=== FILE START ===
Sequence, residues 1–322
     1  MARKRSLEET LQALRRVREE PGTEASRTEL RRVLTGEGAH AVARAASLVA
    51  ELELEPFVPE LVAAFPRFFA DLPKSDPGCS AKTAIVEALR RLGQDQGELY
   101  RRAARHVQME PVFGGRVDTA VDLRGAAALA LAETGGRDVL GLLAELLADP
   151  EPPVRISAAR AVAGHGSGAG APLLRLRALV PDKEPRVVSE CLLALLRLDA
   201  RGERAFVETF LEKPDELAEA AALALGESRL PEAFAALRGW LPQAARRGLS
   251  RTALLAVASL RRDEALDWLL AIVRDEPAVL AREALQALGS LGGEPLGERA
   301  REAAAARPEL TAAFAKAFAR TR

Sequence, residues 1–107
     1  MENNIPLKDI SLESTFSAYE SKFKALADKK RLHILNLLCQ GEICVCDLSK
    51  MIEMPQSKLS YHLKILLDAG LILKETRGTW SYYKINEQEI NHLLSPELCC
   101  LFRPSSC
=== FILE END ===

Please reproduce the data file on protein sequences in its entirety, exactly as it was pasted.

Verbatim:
Sequence, residues 1–322
     1  MARKRSLEET LQALRRVREE PGTEASRTEL RRVLTGEGAH AVARAASLVA
    51  ELELEPFVPE LVAAFPRFFA DLPKSDPGCS AKTAIVEALR RLGQDQGELY
   101  RRAARHVQME PVFGGRVDTA VDLRGAAALA LAETGGRDVL GLLAELLADP
   151  EPPVRISAAR AVAGHGSGAG APLLRLRALV PDKEPRVVSE CLLALLRLDA
   201  RGERAFVETF LEKPDELAEA AALALGESRL PEAFAALRGW LPQAARRGLS
   251  RTALLAVASL RRDEALDWLL AIVRDEPAVL AREALQALGS LGGEPLGERA
   301  REAAAARPEL TAAFAKAFAR TR

Sequence, residues 1–107
     1  MENNIPLKDI SLESTFSAYE SKFKALADKK RLHILNLLCQ GEICVCDLSK
    51  MIEMPQSKLS YHLKILLDAG LILKETRGTW SYYKINEQEI NHLLSPELCC
   101  LFRPSSC